Endothelium is a site of metabolic activity and has a major reservoir of multipotent stem
cells. It plays a vital role in the vascular physiological, pathophysiological and reparative processes.
Endothelial functions are significantly altered following hypovolemic shock due to ischemia of the
endothelial cells and by reperfusion due to resuscitation with fluids. Activation of endothelial cells leads
to release of vasoactive substances (nitric oxide, endothelin, platelet activating factor, prostacyclin,
mitochondrial N-formyl peptide), mediators of inflammation (tumor necrosis factor , interleukins,
interferons) and thrombosis. Endothelial cell apoptosis is induced following hypovolemic shock due to
deprivation of oxygen required by endothelial cell mitochondria; this lack of oxygen initiates an increase in mitochondrial
reactive oxygen species (ROS) and release of apoptogenic proteins. The glycocalyx structure of endothelium is compromised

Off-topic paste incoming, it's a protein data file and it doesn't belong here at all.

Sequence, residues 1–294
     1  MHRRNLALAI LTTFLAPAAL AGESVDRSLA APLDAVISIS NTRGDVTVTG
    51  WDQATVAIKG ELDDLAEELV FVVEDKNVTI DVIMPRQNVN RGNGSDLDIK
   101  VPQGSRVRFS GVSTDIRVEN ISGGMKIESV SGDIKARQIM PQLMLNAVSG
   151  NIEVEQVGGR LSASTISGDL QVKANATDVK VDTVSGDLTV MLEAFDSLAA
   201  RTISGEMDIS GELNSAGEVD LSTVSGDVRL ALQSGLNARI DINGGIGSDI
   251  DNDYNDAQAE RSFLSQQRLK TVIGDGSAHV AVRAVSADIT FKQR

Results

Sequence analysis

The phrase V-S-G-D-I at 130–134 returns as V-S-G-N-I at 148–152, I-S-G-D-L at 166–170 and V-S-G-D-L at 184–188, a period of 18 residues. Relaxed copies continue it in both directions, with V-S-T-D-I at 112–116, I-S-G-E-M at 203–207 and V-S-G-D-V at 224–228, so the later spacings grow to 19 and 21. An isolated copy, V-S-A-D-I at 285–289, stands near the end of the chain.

which causes an impairment of the protective endothelial barrier resulting in increased permeability and leakage of fluids
in to the tissue causing edema. Growth factors such as angiopoetins and vascular endothelial growth factors also contribute
towards pathophysiology of hypovolemic shock. Endothelium is extremely active with numerous functions, understanding
these functions will provide novel targets to design therapeutic agents for the acute management of hypovolemic shock.
Hypovolemic shock also occurs in conditions such as dengue shock syndrome and Ebola hemorrhagic fever, defining the
role of endothelium in the pathophysiology of these conditions will provide greater insight regarding the functions of
endothelial cells in vascular regulation.
Keywords: Hemorrhagic shock, endothelium, endothelin, nitric oxide, syndecan, glycocalyx, vascular endothelial growth factor,
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